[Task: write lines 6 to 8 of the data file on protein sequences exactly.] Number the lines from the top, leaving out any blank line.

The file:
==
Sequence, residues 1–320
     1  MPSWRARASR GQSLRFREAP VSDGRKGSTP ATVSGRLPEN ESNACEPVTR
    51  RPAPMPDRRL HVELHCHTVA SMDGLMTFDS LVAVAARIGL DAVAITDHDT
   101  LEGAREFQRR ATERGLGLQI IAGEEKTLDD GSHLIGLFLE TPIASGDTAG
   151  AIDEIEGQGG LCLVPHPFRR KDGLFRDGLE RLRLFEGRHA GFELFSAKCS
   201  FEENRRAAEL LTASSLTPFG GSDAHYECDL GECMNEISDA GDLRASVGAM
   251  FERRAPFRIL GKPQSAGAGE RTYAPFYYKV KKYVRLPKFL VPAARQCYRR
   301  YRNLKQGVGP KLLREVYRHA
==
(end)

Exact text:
   201  FEENRRAAEL LTASSLTPFG GSDAHYECDL GECMNEISDA GDLRASVGAM
   251  FERRAPFRIL GKPQSAGAGE RTYAPFYYKV KKYVRLPKFL VPAARQCYRR
   301  YRNLKQGVGP KLLREVYRHA